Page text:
I’m Just Payin’ My Rent Every Day in the Tower of Soup…

I’m all on fire with puns this morning; puns and rhymes and almost-rhymes and word-play and I don’t know what.  Sometimes I wake up and it’s just there: for egg*, this morning I woke up thinking ‘Robinson Crusoe, unpacking a trousseau.’  That set me wondering why Robinson Crusoe might be unpacking a trousseau, and who knows where I might have ended up had Mark not wandered in with the tea at that point.

Now, speaking of tea: I have a complaint to make.  Why is it that people who drink tea all day long and into the evening, have no trouble sleeping whereas I, with my healthy habits of only having caffeine in the mornings, only have to drink one cup of Earl Grey in the afternoon for it to disrupt my entire night.  It just isn’t fair!

And that brings me to my second word-play of the morning, which was:

‘living lives of diet desperation.’

I am fortunately not in the position of having to lose weight – or not much – but I remember how it feels when you do.

Then Mark happened to mention Manny’s tower of soup in ‘Black Books’, and I put it together with Leonard Cohen and what did I get?  The title for today’s blog post, that’s what!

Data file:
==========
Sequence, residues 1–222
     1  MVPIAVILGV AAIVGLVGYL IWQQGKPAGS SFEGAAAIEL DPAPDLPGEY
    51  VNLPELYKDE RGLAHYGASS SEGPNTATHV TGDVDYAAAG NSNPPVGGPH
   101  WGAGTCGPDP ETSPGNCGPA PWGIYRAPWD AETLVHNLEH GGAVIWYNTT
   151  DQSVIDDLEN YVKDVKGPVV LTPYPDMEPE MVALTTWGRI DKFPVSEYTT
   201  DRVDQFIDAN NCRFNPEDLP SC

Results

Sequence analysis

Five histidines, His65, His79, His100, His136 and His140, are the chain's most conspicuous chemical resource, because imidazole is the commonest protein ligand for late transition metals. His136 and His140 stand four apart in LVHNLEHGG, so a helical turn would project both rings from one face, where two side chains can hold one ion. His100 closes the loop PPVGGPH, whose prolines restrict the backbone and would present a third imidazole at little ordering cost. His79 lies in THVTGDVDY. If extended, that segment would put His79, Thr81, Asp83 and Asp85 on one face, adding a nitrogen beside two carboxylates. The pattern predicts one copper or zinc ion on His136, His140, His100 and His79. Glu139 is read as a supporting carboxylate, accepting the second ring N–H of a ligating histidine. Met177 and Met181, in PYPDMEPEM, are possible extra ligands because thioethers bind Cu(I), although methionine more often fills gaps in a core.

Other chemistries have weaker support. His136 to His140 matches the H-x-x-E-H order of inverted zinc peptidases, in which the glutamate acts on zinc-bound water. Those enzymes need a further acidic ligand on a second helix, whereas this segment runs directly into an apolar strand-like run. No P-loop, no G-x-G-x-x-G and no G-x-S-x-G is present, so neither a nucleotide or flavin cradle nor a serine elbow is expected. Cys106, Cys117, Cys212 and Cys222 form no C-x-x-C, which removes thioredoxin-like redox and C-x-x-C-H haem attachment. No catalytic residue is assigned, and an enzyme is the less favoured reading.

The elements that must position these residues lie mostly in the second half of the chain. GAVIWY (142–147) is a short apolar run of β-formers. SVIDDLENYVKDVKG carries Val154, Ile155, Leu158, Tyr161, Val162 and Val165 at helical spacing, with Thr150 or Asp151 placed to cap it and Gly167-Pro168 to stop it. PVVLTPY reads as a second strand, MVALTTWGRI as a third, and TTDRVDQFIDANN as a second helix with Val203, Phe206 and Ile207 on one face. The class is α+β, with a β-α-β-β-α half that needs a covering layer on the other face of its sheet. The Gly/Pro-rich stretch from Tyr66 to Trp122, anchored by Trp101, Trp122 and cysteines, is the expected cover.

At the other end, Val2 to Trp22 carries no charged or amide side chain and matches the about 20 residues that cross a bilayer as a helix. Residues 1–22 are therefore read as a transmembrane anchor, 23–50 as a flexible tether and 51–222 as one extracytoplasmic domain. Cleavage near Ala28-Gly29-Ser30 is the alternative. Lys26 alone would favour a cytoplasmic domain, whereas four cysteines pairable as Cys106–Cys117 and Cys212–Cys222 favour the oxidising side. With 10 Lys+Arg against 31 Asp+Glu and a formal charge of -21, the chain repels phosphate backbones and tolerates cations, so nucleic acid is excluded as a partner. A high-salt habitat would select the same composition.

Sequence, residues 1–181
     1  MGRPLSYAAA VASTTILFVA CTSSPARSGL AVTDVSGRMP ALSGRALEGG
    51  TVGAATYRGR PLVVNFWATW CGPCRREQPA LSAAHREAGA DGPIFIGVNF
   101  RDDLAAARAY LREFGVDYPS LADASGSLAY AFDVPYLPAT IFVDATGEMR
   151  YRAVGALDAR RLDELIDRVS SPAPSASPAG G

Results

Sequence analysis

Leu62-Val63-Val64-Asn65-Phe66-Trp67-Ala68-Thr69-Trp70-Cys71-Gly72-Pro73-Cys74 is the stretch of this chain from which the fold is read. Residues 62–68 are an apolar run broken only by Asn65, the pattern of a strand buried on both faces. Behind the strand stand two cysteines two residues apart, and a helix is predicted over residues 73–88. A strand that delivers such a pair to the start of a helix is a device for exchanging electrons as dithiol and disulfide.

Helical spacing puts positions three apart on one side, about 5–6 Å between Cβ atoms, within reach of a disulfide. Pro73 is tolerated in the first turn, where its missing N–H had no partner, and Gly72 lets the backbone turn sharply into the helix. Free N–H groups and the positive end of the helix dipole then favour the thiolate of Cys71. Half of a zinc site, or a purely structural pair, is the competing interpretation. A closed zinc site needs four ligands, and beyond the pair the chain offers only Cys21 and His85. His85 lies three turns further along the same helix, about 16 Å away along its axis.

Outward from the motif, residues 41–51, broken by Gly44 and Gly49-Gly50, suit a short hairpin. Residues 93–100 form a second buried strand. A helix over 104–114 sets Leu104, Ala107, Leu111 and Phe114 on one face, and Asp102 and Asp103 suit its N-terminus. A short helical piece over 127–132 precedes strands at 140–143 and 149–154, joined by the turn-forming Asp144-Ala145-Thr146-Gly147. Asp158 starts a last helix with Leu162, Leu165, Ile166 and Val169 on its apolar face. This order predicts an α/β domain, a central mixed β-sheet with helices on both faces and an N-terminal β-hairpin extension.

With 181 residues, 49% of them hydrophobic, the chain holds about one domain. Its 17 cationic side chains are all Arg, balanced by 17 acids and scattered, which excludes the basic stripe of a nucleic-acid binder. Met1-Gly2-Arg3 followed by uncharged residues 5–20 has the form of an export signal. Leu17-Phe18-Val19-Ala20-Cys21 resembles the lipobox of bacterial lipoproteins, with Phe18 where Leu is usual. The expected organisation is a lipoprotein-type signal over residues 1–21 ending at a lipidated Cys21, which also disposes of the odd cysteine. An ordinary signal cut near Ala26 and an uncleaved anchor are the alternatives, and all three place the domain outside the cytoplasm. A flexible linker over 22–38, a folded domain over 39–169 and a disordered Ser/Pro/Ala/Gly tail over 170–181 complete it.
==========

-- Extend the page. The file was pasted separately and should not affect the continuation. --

Here’s Manny with his tower of soup:

Manny's soup tower

and here is Cohen’s Tower of Song:


Don’t say I never give you anything!

Kirk out

* that, as of course you twigged, is my way of saying ‘for example’.  Yesterday’s post was going to be about eggs, but is still languishing in the drafts folder



Filed under friends and family, music, poems, The madness of Mark, TV reviews

3 responses to “I’m Just Payin’ My Rent Every Day in the Tower of Soup…

  1. No, I didn’t twig eggs. But it did prompt the thought: ‘what’s the point of having double letters,

  2. are there any rules? How much ink money could be saved if we all agreed that eggs is egs?’ Spock out

    • lizardyoga

      It’s a good point I guess. Americans seem to have largely dispensed with double letters but I quite like them. They often give a sense of the history of a word. Incidentally, according to a story I was told, the llama got its name when the Spanish went to South America, pointed at one and asked the natives ‘Como se llama?’ (what’s it called?) Apparently the native just repeated the word ‘llama’ and the name stuck…

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